Tips for flower arrangements from your garden

hosta begonia arrangement
Big, textured hosta leaves are gorgeous on their own or mix them with a few blooms. I chose begonias, another shade-loving plant, as a companion because of its pretty flower and leaf colour. The begonias will wilt long before the hostas do, so I’ll replace them with something else to keep the arrangement going.

“Pink and white carnations — one desires so much more than that.”

As Wallace Stevens puts it in “The Poems of our Climate,” sometimes we want more than just carnations. Beyond the usual roses and peonies, there are many plants in our gardens that make gorgeous arrangements. I recently had some fun walking around my garden, choosing unconventional plants — no carnations — to bring indoors to enjoy.

1) Just like we mix interesting foliage with flowers in the garden, look beyond the big blooms for your bouquets. Hosta leaves, herbs and variegated foliage from shrubs all make pretty arrangements on their own or when mixed with a few flowers. Think about what you plan for in a container or garden bed and try to do the same on a smaller scale in a vase: A combination of height, maybe something trailing, colour, pattern, texture and scent.

2) Take blooms from plants where you won’t miss them. Perhaps a plant in the back corner or from an annual that will keep flowering even after you snip a few stems. Be strategic; you don’t want to disturb the plant or the look of your garden. But don’t be afraid to take from your garden — it’s yours to enjoy, indoors or out.

3) Vase life varies from plant to plant. Hosta leaves can last for several weeks, but you can switch out the accompanying flowers as they go past their prime and update the original arrangement several times. To keep your plants looking their best, use a water additive. If you don’t have any extra powdered additives left over from bouquets you’ve bought in the past, add about a teaspoon (5 mL) each of lemon juice, bleach and sugar to your vase. Clear the lower parts of stems of leaves and flowers so there’s nothing to rot beneath the water’s surface. Refresh water daily (I say that, but rarely remember to do it more than a couple times a week) and keep your arrangements out of direct sunlight.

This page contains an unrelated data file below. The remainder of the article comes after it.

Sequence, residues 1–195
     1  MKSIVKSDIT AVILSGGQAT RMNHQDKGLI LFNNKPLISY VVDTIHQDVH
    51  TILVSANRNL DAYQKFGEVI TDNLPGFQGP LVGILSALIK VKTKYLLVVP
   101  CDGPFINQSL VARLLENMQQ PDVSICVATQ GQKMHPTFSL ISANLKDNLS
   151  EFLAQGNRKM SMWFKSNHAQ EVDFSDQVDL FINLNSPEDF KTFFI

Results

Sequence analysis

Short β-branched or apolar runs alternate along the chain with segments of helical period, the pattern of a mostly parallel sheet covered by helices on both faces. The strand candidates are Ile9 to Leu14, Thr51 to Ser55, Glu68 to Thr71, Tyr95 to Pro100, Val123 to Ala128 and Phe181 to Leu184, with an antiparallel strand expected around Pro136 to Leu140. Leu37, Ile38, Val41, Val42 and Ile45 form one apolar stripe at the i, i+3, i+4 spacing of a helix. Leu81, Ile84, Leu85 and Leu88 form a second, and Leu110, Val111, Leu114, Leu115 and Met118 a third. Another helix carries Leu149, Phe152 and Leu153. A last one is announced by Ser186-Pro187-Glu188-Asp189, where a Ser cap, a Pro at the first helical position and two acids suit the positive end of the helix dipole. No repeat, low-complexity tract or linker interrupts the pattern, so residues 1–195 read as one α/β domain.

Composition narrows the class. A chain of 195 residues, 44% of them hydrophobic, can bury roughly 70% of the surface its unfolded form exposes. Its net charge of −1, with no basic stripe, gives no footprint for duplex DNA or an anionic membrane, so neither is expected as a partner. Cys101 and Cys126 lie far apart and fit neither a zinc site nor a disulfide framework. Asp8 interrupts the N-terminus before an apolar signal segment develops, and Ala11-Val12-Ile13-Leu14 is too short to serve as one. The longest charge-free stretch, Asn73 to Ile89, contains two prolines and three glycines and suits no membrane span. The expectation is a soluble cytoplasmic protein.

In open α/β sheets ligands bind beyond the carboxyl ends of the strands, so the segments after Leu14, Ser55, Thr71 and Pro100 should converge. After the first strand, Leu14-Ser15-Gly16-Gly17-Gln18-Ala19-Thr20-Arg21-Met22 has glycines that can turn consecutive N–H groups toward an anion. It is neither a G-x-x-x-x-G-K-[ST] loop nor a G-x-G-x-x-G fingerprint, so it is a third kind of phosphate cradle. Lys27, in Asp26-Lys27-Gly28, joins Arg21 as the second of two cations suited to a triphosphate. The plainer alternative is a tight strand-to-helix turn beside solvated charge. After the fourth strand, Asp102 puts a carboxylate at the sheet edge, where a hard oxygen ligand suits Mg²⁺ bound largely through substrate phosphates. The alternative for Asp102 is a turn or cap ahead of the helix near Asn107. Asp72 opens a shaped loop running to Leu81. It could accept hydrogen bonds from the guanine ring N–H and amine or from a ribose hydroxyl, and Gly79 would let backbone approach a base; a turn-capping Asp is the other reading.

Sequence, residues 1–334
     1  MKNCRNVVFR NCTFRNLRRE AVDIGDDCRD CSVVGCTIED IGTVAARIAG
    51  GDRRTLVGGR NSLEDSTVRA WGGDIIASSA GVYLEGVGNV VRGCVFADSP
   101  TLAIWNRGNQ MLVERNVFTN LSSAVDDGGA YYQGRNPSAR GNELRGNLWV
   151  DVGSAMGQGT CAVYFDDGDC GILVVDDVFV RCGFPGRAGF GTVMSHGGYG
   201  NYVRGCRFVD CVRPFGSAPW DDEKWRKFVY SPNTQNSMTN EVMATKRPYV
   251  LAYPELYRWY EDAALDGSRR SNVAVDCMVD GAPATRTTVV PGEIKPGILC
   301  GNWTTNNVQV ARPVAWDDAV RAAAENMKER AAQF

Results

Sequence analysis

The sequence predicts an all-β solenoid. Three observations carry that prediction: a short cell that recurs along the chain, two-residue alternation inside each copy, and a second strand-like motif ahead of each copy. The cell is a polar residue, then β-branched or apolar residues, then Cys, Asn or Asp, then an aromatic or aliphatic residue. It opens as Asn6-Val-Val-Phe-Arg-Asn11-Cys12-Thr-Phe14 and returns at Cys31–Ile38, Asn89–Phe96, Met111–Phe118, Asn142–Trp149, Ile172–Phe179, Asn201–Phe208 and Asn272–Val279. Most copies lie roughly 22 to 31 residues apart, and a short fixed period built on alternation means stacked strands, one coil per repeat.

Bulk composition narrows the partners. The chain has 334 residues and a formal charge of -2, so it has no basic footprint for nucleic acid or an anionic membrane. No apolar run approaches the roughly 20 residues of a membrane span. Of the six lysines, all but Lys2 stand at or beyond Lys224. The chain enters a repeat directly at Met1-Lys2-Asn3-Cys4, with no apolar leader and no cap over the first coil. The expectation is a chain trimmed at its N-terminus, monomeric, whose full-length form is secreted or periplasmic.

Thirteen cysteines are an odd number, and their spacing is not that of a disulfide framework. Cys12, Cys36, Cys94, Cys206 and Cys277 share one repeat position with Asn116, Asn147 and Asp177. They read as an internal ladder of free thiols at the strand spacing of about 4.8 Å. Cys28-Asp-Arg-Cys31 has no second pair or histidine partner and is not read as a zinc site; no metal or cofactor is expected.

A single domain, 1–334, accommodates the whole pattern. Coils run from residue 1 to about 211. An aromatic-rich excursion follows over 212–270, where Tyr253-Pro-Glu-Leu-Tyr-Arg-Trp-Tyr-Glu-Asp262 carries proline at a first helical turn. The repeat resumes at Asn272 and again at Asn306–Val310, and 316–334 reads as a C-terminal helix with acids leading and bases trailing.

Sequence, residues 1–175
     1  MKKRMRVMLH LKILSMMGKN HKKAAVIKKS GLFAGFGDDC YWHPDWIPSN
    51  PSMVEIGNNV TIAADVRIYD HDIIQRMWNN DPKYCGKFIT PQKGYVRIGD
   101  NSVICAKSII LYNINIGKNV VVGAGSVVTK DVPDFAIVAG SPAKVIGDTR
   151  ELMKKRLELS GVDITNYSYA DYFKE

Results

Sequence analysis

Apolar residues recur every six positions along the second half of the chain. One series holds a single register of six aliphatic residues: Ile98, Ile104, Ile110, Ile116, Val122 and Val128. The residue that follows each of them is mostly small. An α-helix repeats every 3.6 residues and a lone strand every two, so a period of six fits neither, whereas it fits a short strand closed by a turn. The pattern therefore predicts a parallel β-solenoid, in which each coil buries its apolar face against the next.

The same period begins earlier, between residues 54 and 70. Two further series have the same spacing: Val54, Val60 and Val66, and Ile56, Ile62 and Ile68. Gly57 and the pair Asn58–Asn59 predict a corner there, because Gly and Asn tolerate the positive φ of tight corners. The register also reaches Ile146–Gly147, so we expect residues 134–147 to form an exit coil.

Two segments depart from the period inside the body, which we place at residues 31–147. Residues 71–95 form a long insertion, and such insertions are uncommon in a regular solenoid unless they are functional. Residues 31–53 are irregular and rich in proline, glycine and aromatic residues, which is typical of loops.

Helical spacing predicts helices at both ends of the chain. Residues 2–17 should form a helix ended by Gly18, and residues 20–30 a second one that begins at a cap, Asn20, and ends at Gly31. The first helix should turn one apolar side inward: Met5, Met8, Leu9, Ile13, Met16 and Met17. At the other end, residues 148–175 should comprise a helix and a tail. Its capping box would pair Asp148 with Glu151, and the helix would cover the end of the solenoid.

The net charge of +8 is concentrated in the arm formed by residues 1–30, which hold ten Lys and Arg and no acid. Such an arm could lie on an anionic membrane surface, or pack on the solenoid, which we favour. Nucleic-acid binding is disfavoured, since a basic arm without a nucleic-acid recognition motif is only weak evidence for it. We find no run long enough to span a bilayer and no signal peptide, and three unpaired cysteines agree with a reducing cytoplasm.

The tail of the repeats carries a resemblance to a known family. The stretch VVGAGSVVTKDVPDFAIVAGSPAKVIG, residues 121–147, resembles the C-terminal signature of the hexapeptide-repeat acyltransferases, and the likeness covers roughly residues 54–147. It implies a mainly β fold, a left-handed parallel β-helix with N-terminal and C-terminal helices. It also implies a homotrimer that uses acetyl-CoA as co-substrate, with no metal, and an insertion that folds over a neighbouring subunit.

rose butterfly bush arrangement
Try mixing a classic bouquet ingredient like roses with unconventional choices. Here they’re arranged with hosta leaves, perennial geraniums and variegated foliage from a butterfly bush.
herb arrangement
Herbs are some of my favourites for a vase. Their aromas fill a room for days. This vase has mint, rosemary, sage, oregano, parsley and a sprig of lavender with some dark red calibrachoa (Superbells Pomegranate Punch, a new introduction from Proven Winners for 2014.) 
delphinium arrangement
Delphiniums, goat’s beard and eremus form a pretty trio with hosta leaves skirting the base. To keep delphiniums from drooping, fill their hollow stems with tap water and keep your finger over the bottom until you insert it into water in the vase.



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  1. Annette Hamm says

    Hi Kat,
    Love these arrangement ideas from the garden. Would you like to share them with our viewers on Morning Live on CHCH in Hamilton? Let me know!

  2. Beverley says

    Hi Kat,

    Just LOVE your arrangements. They are stunning. I try to do the same with my flowers/plants. One question, for the hosta leaves – do you just cut off the leaf at the bottom of the stem? I have many varieties of hostas and love the idea of bringing them into the house as part of a flower arrangement with my other flowering plants!! Especially, when as you say, they last a long time.

    Thanks for your great ideas. Love your articles and always look forward to reading them… Also thought your raised bed with the cement blocks was a novel idea. I actually did something similar in a flower bed, using the blocks as a low retaining wall and planted small plants in the holes, just as you recommended!!

    Happy Gardening!! Despite the wet summer :(

    • Kat Fox says

      Thanks Beverley! I cut the hosta leaves off at the bottom of the stems, so the missing leaves aren’t obvious on the plant. Then I trim the stems to the length I need. I have hosta leaves arranged in a vase that have been inside for almost a month now, and they look almost as good as the day I cut them.

      I love my raised veggie bed of cinder blocks – planting things in the holes was a lot of fun. Using them as edging for a flower bed is clever. So practical, but also cool-looking! I’m going to post an update of that raised bed of mine later this week, along with some photos.The herbs and flowers have been quite happy living in the cinder blocks!


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